Which Joe gave his name to ‘sloppy joes’? We look at five interesting sandwiches and their lexical origins.
1Of the same kind; alike.‘timbermen prefer to deal with homogeneous woods’
similar, comparable, equivalent, like, analogous, corresponding, correspondent, parallel, matching, kindred, related, correlative, congruent, cognateView synonyms
- ‘This means that students within each school are relatively homogeneous in terms of academic ability, while the schools show wide variation in the academic ability of their first-year intake.’
- ‘The Kurds are more homogeneous than Iraqis as a whole, and yet even in the Kurdish areas, for about four years, there was essentially civil war.’
- ‘The sample used in the study was relatively small (compared to previous studies) and was made up of relatively homogeneous individuals making it difficult to generalize the results to the wider population.’
- ‘At the beginning of the experiments, seedlings were homogeneous in terms of length.’
- ‘However, these results were based on a sample of university men who were fairly homogeneous in age, sexual experience, and frequency of intercourse.’
- ‘The risk is not a society of beautiful but homogeneous mannequins.’
- ‘More products are becoming homogeneous commodities for which uniformity of size, quality and taste is absolutely essential.’
- ‘The study shows that property taxes are most regressive in municipalities where homeowner incomes vary widely but property values are relatively homogeneous.’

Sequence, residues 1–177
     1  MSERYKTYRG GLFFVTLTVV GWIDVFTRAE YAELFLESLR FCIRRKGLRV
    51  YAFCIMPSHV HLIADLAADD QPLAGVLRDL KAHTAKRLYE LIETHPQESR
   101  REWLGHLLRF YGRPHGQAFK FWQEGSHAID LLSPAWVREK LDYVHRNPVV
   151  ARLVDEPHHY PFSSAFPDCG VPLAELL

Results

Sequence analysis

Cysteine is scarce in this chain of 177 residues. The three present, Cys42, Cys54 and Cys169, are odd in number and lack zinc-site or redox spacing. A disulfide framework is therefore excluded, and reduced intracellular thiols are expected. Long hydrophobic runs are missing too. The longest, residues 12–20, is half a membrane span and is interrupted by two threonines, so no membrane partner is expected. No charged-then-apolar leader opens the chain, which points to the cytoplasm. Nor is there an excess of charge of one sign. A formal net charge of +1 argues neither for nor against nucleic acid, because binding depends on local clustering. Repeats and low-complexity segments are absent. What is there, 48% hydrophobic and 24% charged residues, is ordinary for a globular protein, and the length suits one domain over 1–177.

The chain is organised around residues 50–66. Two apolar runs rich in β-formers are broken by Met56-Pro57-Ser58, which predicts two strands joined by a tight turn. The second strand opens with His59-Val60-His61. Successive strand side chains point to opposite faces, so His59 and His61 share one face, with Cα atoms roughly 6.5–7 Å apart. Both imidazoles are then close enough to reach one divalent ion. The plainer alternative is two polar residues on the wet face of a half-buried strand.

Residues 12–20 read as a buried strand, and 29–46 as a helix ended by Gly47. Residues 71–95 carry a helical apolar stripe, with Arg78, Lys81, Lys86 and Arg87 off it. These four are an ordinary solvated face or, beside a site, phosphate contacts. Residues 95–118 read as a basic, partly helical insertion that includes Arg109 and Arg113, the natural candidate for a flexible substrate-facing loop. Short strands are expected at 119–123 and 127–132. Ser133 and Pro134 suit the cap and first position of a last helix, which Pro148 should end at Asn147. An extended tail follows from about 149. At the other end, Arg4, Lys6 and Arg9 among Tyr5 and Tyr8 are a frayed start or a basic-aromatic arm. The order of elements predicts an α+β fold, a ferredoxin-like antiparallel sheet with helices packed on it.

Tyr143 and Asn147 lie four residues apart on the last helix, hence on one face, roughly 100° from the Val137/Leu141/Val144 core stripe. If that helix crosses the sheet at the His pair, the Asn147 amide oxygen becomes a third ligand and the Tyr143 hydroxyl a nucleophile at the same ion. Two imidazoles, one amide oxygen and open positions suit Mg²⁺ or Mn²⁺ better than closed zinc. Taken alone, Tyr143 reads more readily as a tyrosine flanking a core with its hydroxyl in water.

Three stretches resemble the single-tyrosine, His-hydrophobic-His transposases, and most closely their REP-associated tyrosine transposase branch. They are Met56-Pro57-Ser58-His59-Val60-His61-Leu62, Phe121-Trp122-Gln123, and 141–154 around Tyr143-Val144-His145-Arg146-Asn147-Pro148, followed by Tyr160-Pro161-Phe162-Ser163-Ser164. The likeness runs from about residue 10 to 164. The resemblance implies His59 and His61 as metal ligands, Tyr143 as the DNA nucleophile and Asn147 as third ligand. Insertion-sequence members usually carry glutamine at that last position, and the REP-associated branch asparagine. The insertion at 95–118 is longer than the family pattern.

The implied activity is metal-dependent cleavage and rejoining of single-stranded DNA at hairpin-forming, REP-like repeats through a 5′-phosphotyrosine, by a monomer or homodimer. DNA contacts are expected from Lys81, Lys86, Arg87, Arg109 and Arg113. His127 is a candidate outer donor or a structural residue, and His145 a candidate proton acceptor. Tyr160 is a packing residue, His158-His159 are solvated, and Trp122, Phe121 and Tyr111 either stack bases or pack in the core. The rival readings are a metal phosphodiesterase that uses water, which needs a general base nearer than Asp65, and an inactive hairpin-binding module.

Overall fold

- ‘This notion of difference focuses on women as homogeneous; as though they all are alike, and different from men in the same way.’
- 1.1 Consisting of parts all of the same kind.‘culturally speaking the farmers constitute an extremely homogeneous group’
uniform, identical, unvaried, unvarying, consistent, similar, undistinguishableView synonyms
- ‘This may explain why during the 20th century relatively homogeneous Scandanavia was able to build a welfare state, where melting pot America baulked.’
- ‘The thousands of offenders released each year from Colorado prisons cannot be treated as an homogeneous group nor assisted in a standardized manner.’
- ‘In Russia, the ethnic and geographic diversity of the population ensured its transition would be more difficult than that in the more homogeneous and smaller Baltic states or eastern European countries.’
- ‘A culturally homogeneous society whose members subscribe and adhere to one system of beliefs and practices is in the realm of fiction.’
- ‘China is for the most part an extremely homogeneous society composed of a people who share one language, culture, and history.’
- ‘These findings confirmed the contention that when considering competence and self-esteem, single-parent children cannot be treated as a homogeneous group.’
- ‘She demonstrates that even seemingly homogeneous groups had subgroups that thought very differently about compulsory insurance.’
- ‘Until the Second World War nearly all the countries of Europe had very homogeneous populations and very little recent experience of immigration.’
- ‘In 1983, three pairs of permanent plots, each 5 x 5 m, were established in the study wood in sites with homogeneous vegetation.’